Top 5 queries have 2 criteria, one of which are E attribute having low selectivity. Coherence filter execution time depends on order of criteria (if most selective criteria is put first execution time would be shorter). Lucene is resilient  to order of criteria.

Three criteria query

This query (E1 = x & E2 = y & E3 = z) have only low selectivity criteria, so Lucene beats Coherence of this query almost 5 times.

Four criteria query

Same trend as with 2 criteria query, if most selective criteria is first Coherence and Lucene are on par, otherwise Lucene few times faster.

Query with range criterion

This query is emulating a case when we need to limit result set by range of attribute values (e.g. timestamp range). Query is using 10k long range of attribute A values, so it is hard work for both indexing engines to union 10k sets. Lucene is doing this job 3 times better.

Query with multi term match criterion

This query includes multi term match criterion (InFilter for Coherence). Lucene is consistently faster with factor about 5 times. This query does not have single good selective criterion, so Coherence is lagging behind.

Query with high cardinality attribute

Attribute H has only 2 possible values, so it makes filter processing a lot harder. Coherence performance ranging from poor to very bad depending on order of criteria. Lucene is fast as usual.


Coherence is sensitive for order of criteria in query. It is showing better results if most selective criteria is first in filter. Lucene is resilient to order of criteria in query. Coherence index performance is suffering considerably as we adding new criteria, especially if attribute has high cardinality (e.g. boolean attribute). Lucene should reconstruct entry key for each entry of final result set, so it is slowing down as result set of query is growing. Lucene is handling range queries better than Coherence.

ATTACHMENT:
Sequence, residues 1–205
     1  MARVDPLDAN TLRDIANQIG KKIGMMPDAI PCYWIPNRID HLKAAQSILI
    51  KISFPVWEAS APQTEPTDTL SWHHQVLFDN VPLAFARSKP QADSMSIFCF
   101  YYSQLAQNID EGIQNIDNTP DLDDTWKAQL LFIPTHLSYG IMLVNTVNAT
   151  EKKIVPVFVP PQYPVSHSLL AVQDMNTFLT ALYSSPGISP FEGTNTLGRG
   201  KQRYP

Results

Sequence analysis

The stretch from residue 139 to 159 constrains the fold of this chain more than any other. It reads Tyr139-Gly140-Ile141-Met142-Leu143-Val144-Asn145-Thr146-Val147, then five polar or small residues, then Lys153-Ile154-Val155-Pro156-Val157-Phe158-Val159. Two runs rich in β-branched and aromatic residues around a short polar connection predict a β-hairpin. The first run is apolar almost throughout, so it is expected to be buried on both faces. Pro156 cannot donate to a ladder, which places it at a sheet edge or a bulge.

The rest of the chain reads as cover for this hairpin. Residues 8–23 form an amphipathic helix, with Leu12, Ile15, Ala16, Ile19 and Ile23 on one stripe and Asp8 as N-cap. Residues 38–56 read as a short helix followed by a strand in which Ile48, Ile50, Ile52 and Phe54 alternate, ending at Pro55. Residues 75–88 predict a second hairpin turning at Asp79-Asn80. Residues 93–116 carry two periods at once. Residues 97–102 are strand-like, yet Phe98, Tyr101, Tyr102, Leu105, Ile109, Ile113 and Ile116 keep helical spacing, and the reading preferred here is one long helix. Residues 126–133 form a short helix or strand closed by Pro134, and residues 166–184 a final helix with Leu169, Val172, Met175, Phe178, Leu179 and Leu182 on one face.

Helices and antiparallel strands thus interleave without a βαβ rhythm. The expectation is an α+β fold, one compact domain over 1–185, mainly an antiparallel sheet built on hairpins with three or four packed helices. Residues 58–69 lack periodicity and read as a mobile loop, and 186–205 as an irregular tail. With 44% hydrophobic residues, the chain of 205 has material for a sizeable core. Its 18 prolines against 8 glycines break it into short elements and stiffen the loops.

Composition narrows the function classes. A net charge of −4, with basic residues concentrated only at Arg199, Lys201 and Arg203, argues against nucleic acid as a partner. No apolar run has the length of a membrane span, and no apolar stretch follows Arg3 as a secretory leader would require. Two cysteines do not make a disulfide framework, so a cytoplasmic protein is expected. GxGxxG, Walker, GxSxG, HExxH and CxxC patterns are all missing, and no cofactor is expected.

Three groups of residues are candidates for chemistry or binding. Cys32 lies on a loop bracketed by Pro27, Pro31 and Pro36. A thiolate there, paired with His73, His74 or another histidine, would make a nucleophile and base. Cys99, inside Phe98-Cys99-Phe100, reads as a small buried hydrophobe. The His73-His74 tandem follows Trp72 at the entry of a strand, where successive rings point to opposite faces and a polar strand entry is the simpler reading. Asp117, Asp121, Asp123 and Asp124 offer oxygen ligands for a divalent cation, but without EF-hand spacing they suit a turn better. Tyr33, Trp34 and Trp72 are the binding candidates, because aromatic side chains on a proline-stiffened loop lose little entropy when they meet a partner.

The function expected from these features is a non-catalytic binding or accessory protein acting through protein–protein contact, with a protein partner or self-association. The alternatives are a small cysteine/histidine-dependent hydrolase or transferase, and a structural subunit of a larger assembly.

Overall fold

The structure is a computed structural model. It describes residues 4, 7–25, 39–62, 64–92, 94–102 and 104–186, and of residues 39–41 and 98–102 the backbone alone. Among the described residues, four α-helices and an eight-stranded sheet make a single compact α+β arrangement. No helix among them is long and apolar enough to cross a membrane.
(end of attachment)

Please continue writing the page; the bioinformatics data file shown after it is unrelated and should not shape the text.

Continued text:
These tests are showing that for many non trivial queries Lucene is showing better performance than Coherence built in indexes. For certain types of queries Coherence may require hand optimization, while Lucene is not. All above are making Lucene very attractive for ad hoc querying of data datasets and ability to execute full text search and wildcard queries compliments nicely for this purpose.
And BTW Lucene index is consuming few times less memory than built in Coherence index (it is more expensive for updates though). But it takes another article to elaborate these aspects.


  1. Can the Lucene indexes be updated as quickly as Coherence?

    Lucene is geared more towards read-mostly indexes while Coherence is used mostly for read & write. You did not mention if there were any updates being done to the data at the same time as the queries.

    Also, did Coherence handle better TPS although it obviously it has higher per-query latency compared to Lucene.


  2. Lucene index could be updated prety fast but not as fast as native Coherence index.
    All measurments was done in read only mode.
    If you will mix read and write, performance penalty would be considerable.
    Current implementation is targeting read mostly, ocasional write scenario.
    It can handle batch updates effectively, but mix reads and writes will not work well.

    Lucene has alternative, in-memory indexes suitable for fast updates, but I didn't tryed it so far.